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Imvax Raises $35M, Completes Enrollment in Phase IIb Glioblastoma Trial

NEW YORK – Imvax said Tuesday that it has raised $35 million through a financing round, which it will put toward a Phase IIb clinical trial of its autologous cell therapy, IGV-001, that is underway in glioblastoma patients. 

The treatment, which relies on a platform called Goldspire, involves surgically resecting a patient's tumor, packaging the tissue from the tumor into dime-sized diffusion chambers, irradiating those chambers, and then implanting them surgically into the muscles of a patient's abdomen along with an antisense oligonucleotide. Two days later, the chambers are removed from the abdomen, and six weeks later, patients receive adjuvant radiation and temozolomide followed by maintenance temozolomide. 

By implanting tissue from patients' brain tumor into their abdomen, Imvax hopes to train their lymphocytes to recognize the tumor cells in the brain, which might not be otherwise possible due to the blood-brain barrier. 

In the Phase IIb trial, which is enrolling roughly 100 patients with newly diagnosed, grade III or grade IV glioblastoma, Philadelphia-based Imvax is pitting the autologous regimen against a control arm in which patients receive chambers containing a placebo followed by the same adjuvant and maintenance regimen.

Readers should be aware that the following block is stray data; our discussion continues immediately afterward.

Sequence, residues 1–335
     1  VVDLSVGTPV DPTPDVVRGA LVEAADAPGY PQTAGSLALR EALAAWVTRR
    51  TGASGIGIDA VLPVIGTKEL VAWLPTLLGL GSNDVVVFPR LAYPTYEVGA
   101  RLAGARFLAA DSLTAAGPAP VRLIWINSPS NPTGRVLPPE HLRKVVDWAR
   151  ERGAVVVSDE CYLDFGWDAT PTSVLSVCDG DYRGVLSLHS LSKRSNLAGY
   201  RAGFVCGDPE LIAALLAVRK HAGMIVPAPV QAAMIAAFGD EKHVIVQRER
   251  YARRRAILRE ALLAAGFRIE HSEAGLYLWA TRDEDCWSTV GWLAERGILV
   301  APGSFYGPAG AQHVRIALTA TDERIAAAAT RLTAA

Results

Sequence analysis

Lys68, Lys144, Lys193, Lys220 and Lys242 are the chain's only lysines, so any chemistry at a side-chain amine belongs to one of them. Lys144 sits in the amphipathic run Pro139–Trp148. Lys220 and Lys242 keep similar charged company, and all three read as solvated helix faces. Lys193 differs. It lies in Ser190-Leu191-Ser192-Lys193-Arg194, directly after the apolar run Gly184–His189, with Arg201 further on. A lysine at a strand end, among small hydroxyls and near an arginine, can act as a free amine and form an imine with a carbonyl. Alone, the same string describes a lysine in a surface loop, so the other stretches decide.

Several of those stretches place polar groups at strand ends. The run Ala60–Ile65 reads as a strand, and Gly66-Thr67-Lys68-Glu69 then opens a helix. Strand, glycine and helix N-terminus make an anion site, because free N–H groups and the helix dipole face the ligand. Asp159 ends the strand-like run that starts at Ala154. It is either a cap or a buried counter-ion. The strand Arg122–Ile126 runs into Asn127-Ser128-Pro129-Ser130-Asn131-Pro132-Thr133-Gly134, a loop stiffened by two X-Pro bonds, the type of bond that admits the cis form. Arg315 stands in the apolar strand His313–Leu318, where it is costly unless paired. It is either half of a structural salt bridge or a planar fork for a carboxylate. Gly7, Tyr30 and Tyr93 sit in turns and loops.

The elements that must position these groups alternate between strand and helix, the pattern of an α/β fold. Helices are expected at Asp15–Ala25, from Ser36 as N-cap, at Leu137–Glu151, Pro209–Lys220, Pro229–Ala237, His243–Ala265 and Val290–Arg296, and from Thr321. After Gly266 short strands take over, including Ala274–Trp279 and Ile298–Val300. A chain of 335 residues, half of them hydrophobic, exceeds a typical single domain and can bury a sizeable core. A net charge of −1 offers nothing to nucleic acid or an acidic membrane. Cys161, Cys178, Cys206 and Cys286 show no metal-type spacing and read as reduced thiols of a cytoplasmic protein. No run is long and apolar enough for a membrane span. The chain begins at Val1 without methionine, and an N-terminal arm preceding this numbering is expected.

The company's primary aim in this study is to assess patients' progression-free survival. Secondary endpoints in the trial are safety and overall survival. 

Including the successful $35 million financing round, Imvax has raised $57 million during the past 15 months. The firm said on Tuesday that half of the recently raised capital comes from new investors and that it expects the money will fund operations beyond an expected Phase IIb data readout in mid-2025. 

Imvax also announced on Tuesday that it has completed patient enrollment in this Phase IIb trial, and that the US Food and Drug Administration has granted fast-track designation to IGV-001. The designation, which allows for expedited regulatory review and more frequent interactions with the FDA, is based on data from the firm's Phase Ib trial, showing the regimen was safe and tolerable and had encouraging early efficacy.